Singapore Tops US as World's Most Competitive Economy
Singapore rises to the top — according to the World Economic Forum’s annual analysis, it has knocked America down to second place on the Global Competitiveness Index.
The WEF report was published Wednesday, October 9. The index examines factors such as infrastructure, macroeconomic stability, innovation capability, and the labor market to determine a country’s economic competitive landscape.
This year, Singapore scored top marks for its health, labor, infrastructure, and financial system, earning an overall victory over the US. America “remains an innovation powerhouse,” according to the report.
The US China trade war had a big impact on the performance of countries such as Singapore and Vietnam. These two Asian economies “appear to be benefiting from global trade tensions through trade diversion.” In Vietnam’s case, the country jumped 10 spots since last year, landing at 67th place out of 137 countries.
American imports from Vietnam increased by 36% in the period between January and May of this year, as America has been shifting its companies and manufacturing forces from China to Vietnam and other Southeast Asian countries. This was an attempt to avoid the trade war’s mounting tariffs.
While Singapore benefits from the trade war in some ways, it’s also harmed by it — China is its biggest trading partner, and Singapore relies heavily on exports to China.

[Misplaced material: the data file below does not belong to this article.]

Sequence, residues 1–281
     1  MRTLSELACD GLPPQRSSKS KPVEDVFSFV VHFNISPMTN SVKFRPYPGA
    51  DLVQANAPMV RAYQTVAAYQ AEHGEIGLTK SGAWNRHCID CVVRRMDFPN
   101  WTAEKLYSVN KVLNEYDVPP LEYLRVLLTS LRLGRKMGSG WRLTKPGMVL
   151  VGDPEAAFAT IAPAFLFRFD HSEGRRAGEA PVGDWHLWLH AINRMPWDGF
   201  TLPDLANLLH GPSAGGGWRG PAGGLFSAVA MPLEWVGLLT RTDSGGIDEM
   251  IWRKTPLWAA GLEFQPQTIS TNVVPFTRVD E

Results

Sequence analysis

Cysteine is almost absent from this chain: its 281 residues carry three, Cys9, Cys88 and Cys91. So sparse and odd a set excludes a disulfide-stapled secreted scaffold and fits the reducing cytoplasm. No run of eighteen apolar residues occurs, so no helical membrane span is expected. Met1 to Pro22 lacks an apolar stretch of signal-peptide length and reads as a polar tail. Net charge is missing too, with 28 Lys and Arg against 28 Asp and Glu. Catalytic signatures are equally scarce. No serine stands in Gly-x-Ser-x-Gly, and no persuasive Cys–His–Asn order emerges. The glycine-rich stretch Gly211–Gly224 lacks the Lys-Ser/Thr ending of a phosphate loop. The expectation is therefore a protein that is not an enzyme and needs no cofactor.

Despite climbing the ranks, Singapore’s government is not optimistic about the future. In August, the government slashed the forecast for GDP growth after a big drop in economic activity in the second quarter of 2019. If analysts are correct, this will be Singapore’s weakest annual growth since the global financial crisis of 2009.
What does the rest of the report say?
Here is a list of the top 10 countries according to the Global Competitiveness Index:
- United States
- Hong Kong
- United Kingdom
Hong Kong jumped four spots since last year’s report. Despite the current crisis, it seems the economy remained largely unaffected. All around the world, political tensions caused by the trade war are “fueling uncertainty,” the WEF says.
"This holds back investment and increases the risk of supply shocks: disruptions to global supply chains, sudden price spikes, or interruptions in the availability of key resources," the report said.
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